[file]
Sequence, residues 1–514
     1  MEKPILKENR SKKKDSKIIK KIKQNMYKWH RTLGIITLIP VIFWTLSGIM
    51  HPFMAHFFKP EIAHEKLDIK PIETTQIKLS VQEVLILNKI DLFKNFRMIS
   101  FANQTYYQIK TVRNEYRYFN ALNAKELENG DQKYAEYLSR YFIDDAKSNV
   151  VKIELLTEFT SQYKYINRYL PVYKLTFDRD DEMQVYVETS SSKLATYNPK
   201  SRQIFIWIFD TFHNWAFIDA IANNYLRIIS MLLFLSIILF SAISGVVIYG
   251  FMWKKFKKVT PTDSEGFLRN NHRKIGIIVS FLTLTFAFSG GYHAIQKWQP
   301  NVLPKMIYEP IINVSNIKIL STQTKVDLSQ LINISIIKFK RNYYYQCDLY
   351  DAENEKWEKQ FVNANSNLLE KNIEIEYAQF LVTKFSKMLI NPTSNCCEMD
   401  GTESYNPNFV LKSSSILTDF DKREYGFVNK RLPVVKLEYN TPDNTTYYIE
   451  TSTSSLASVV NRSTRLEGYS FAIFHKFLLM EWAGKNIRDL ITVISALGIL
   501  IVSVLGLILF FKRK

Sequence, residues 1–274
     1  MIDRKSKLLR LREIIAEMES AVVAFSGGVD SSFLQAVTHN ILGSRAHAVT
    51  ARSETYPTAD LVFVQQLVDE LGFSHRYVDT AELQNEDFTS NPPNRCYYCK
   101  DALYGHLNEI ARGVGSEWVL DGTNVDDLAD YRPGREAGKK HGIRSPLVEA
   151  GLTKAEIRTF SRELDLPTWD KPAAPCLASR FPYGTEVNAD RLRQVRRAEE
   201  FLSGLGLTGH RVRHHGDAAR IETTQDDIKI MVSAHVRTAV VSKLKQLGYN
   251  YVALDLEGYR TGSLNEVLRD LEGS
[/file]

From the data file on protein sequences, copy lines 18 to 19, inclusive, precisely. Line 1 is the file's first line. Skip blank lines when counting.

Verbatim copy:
   201  FLSGLGLTGH RVRHHGDAAR IETTQDDIKI MVSAHVRTAV VSKLKQLGYN
   251  YVALDLEGYR TGSLNEVLRD LEGS